There are only nine scenes in A Midsummer Night's Dream, very few by the standards of a Shakespeare play. The most important of them is act 5, scene 1. This is the only scene in Act 5, and it finally brings together all four groups: the court, the lovers, the actors, and the fairies. The complex plot is resolved, the couples are united in the correct pairs, and Oberon blesses their marriage beds. This a fairly conventional happy ending for a comedy.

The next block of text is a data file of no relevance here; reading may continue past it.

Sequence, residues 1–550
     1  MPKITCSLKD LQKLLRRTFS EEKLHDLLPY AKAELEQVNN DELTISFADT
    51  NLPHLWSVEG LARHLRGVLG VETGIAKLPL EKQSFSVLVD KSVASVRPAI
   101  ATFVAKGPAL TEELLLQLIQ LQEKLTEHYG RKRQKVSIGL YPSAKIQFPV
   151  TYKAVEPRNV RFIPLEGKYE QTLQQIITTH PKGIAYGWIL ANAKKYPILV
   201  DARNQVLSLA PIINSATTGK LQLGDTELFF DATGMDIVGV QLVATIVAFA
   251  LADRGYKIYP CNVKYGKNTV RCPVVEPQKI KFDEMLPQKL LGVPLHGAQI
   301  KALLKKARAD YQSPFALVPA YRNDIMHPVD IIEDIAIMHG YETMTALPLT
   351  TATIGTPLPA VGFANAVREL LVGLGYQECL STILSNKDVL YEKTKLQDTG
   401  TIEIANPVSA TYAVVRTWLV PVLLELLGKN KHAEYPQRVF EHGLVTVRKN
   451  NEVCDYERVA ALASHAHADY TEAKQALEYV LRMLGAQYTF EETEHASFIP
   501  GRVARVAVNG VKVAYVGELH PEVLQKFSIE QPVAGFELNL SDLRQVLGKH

Modern audiences are sometimes disappointed by comedies from Shakespeare's time, since the term refers primarily to a play that ends happily rather than one which makes the audience laugh. However, the final scene of A Midsummer Night's Dream is uproariously funny, perhaps the most brilliantly comic scene in any work by Shakespeare. This is because it contains the play within the play, Pyramus and Thisbe, a romantic story similar to Romeo and Juliet, but much better-known in Shakespeare's time. The ham acting of Bottom and his company, the awfulness and bathos of the poetry, and the sarcastic comments of the courtiers combine to make the tale of Pyramus and Thisbe the highlight of the play. This scene, quite apart from being the finest and the most dramatically important in A Midsummer Night's Dream, could also easily stand alone as a one-act play.